Green Shoots Blog
Few camping trips yield as much innovation as the one five students from San Diego’s New School of Architecture and Design took on April 13th. The team of 2nd year design students journeyed to the hills of San Luis Obispo to compete against 50 other schools at Cal Poly’s annual open-air festival, Design Village.
The yearly competition challenges groups of two to six students to create avant-garde, interactive structures capable of housing team members for the two-night stay. Structures are judged for sustainability, craftsmanship, and how well they exemplify that year’s theme.
In light of the growing need for adaptable architecture, the village’s 2012 theme was Metamorphosis. Dwellings had to be capable of physically transforming during the competition and serve a useful purpose once disassembled back home.
In keeping with this morphing theme, the NSAD team devised a structure made of three, offset triangular rooms that transformed into a two room structure for sleeping in, with two triangles joining to form a larger diamond-shaped space. After the festival, the structure was broken down into panels which the team gave to friends for shelving, room dividers and even a bed headboard.
Beyond its transforming capabilities, the student design work boasts an impressive sustainability factor. From the walls to the windows, every inch is composed of bamboo – the rapid-growing, renewable woody grass that also happens to be an ultra-durable building material.
“It is one of the easiest materials to work with because of how strong it is and how light it is — and it looks good too!” says 23-year-old Moe Jarrar, a member of the NSAD student team. “Actually, it ended up being stronger than we expected; we had planned to use more bracing and didn’t need to.”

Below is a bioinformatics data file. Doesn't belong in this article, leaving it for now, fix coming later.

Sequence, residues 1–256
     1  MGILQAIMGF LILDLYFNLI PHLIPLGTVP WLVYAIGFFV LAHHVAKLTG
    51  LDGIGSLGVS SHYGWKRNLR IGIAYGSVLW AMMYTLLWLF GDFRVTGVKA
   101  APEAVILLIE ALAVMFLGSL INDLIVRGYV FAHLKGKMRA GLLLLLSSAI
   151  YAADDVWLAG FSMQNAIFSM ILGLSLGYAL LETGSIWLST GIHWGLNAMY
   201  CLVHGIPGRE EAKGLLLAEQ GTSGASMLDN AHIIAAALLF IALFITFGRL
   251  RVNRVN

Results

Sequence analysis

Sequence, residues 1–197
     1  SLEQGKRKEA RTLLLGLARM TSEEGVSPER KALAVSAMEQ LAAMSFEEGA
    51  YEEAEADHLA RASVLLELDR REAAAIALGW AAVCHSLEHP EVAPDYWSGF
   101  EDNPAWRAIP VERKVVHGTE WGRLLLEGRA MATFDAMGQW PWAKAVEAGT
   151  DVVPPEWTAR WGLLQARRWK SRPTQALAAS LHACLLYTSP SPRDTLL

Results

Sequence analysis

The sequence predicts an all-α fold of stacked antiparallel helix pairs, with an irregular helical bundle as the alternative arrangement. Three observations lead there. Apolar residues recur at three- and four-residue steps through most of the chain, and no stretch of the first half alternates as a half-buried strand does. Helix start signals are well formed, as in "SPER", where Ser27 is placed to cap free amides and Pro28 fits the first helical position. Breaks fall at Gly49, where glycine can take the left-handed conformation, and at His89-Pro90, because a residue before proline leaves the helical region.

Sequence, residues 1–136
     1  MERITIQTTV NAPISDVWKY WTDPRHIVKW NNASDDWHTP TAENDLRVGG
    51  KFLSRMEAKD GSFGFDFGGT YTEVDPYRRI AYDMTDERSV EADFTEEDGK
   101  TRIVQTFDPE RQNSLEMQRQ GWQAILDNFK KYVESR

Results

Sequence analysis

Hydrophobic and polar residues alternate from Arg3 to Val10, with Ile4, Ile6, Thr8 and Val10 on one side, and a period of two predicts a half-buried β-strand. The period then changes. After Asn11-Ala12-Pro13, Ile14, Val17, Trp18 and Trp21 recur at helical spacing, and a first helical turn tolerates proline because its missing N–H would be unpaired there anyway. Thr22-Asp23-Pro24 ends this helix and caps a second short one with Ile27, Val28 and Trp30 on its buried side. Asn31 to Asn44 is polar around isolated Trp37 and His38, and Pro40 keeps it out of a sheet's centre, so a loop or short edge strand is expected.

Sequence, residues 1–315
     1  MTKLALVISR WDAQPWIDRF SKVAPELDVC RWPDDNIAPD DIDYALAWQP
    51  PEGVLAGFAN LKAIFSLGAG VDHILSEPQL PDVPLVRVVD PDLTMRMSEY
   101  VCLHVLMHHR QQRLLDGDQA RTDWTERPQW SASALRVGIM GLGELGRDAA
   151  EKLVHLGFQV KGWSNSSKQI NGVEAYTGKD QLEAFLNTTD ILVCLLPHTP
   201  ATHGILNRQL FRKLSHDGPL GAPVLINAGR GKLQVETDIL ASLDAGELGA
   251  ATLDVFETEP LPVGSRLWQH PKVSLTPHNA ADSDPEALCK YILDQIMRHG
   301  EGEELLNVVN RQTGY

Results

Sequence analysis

The structure’s main framework was constructed using 75 cured Moso bamboo poles, provided by Cali Bamboo. Thinner, raw bamboo stalks (collected from the yard of a couple who were trying to get rid of the persistent plant) were woven to create walls and a floor. Bamboo windows (that actually let in light) were even created by mixing ground bamboo chips with resin. Jarrar says the sturdy structure remained steadfast throughout the weekend and was 100% liveable. “It whistled because of the paneling, but it was kind of a nice whistle.”
Beyond being “liveable” the end result was also impressive — particularly in the eyes of Cal Poly judges. The NSAD “Bamboo Team” claimed 4th Place and honorable mention among the 51 teams competing. Another NSAD team won the “most adaptable” project award.
Fame and glory aside, Jarrar says the Design Village experience also gave students some exceptional college memories.
“It was freezing, freezing outside of the structure, and on the day we carried it up there — all uphill, 0.8 miles — it was storming and really muddy. We laid the floor panels down first and then used the 10-foot bamboo poles to create the type of structure you would carry a pharaoh in on. That’s how we carried in our project as well as two other teams’ structures.”
“All in all,” he says, speaking of the less-than-ideal weather, “I think it made the experience way more epic and fun.”